Already a satisfied customer of Dale Drills, Allerton Project farm manager Phil Jarvis shares our enthusiasm for direct drilling, stating that “whilst the advantages of reduced fuel costs, better soil health through improved structure and resilience are important, the key aim is to increase yields. Direct drilling does require more thought as a farmer and careful management is required to get it right. It may take some time get there but this system is a much more enjoyable method of farming”

For more information and to learn more about Dale Drills please visit

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Wednesday, 17 June 2015

Royston Grey Partridge Recovery Project revisited

With our Rotherfield Restoration Project blog now up and running it seems like an opportune moment to quickly revisit our Royston Grey Partridge Recovery Project which ran from 2002-10.

The project in Hertfordshire was designed to illustrate that restoring the grey partridge population in a modern farming environment was possible. The target spring population density we set ourselves was 18.6 pairs per 100ha whilst maintaining farm profitability.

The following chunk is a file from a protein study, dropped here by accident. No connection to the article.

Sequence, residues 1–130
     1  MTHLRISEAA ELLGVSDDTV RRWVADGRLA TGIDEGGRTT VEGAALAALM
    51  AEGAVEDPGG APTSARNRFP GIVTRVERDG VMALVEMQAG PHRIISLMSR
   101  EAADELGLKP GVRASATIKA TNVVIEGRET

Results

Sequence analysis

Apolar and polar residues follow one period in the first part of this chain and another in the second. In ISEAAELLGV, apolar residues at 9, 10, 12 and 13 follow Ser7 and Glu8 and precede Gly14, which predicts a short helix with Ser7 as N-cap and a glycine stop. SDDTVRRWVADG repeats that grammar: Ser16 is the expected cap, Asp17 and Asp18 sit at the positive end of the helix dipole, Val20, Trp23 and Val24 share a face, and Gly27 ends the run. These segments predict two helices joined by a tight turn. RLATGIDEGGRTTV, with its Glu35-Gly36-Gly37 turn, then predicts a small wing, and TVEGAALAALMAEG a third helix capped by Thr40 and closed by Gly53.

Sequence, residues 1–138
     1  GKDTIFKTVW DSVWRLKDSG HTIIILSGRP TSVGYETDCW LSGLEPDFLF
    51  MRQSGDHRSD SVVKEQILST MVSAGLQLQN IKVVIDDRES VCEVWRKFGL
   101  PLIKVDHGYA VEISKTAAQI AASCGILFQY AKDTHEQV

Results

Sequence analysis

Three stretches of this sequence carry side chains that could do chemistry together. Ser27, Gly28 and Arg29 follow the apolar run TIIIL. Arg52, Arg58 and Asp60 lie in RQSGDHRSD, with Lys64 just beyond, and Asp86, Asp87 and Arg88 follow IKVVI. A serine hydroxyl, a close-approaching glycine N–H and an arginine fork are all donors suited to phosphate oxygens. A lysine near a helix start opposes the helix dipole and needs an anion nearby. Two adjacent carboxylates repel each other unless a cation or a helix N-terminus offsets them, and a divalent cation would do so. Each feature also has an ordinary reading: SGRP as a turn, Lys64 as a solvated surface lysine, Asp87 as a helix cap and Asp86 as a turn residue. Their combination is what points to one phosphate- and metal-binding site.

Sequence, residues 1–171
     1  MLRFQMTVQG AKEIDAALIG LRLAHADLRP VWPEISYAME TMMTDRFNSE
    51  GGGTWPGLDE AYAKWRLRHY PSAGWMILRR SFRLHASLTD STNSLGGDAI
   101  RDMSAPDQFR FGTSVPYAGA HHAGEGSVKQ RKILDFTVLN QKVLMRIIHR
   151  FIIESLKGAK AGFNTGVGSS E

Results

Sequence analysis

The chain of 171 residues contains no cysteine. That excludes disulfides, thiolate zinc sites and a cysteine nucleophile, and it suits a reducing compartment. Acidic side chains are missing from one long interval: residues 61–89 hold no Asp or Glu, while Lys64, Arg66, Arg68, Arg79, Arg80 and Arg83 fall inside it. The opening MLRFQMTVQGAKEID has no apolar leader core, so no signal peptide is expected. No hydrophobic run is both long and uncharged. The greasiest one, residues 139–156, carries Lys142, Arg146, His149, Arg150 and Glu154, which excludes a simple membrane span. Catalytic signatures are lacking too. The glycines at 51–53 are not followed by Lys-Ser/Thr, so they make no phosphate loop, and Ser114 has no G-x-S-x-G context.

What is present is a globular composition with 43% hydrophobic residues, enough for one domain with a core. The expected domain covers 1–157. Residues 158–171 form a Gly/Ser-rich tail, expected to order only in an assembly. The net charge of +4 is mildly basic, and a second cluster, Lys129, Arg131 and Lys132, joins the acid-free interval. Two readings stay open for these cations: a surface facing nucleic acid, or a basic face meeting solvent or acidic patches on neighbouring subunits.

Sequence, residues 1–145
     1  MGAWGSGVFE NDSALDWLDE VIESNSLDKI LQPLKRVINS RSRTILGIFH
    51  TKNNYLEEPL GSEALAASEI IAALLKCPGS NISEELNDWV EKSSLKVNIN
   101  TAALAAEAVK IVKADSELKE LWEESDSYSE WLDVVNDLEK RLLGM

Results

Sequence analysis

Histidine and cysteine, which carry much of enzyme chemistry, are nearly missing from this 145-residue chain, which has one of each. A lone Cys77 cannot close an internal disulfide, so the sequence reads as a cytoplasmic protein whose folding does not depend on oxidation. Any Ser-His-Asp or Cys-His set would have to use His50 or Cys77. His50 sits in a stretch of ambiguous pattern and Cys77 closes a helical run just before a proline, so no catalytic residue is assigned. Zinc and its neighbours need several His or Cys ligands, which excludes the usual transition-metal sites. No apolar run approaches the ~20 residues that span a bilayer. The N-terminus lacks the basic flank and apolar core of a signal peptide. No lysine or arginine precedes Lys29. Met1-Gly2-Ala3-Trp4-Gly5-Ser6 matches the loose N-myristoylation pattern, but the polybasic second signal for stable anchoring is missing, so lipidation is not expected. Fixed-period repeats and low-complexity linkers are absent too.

We conducted intensive counts on two 1,000ha areas, one would be the reference site and the other the demonstration site.

How the demonstration site was managed

•    Partridge predators were controlled, including egg predators
•    Habitat was created or improved to provide nesting, rearing and winter cover
•    Supplementary feeding was provided in both summer and winter

The graph below shows how the two sites compared throughout the duration of the project:

Whilst we didn’t achieve the target density of 18.6 pairs per 100ha we were able to demonstrate that with the right management measures in place, a density of 15 pairs per 100ha can be achieved on a modern farm. Farmland biodiversity also improved with pheasant and red-legged partridge numbers increasing.

After the Royston Project ended in 2010 we launched the Rotherfield Game Restoration Project in Hampshire. Unlike Royston this project aims to illustrate the benefit of game management for the full range of game and other wildlife on the site and runs until 2017.